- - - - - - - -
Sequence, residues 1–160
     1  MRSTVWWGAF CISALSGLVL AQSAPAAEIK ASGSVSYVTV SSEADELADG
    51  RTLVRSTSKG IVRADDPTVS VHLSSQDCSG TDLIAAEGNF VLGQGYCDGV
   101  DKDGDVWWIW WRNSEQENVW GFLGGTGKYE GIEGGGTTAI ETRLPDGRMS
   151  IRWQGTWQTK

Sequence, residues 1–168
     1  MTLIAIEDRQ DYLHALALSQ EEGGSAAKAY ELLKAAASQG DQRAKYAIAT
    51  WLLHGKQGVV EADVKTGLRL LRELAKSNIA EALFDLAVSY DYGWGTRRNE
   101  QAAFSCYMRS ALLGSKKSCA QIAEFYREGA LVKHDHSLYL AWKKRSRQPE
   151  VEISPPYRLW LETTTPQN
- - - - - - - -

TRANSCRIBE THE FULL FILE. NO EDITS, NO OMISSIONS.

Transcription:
Sequence, residues 1–160
     1  MRSTVWWGAF CISALSGLVL AQSAPAAEIK ASGSVSYVTV SSEADELADG
    51  RTLVRSTSKG IVRADDPTVS VHLSSQDCSG TDLIAAEGNF VLGQGYCDGV
   101  DKDGDVWWIW WRNSEQENVW GFLGGTGKYE GIEGGGTTAI ETRLPDGRMS
   151  IRWQGTWQTK

Sequence, residues 1–168
     1  MTLIAIEDRQ DYLHALALSQ EEGGSAAKAY ELLKAAASQG DQRAKYAIAT
    51  WLLHGKQGVV EADVKTGLRL LRELAKSNIA EALFDLAVSY DYGWGTRRNE
   101  QAAFSCYMRS ALLGSKKSCA QIAEFYREGA LVKHDHSLYL AWKKRSRQPE
   151  VEISPPYRLW LETTTPQN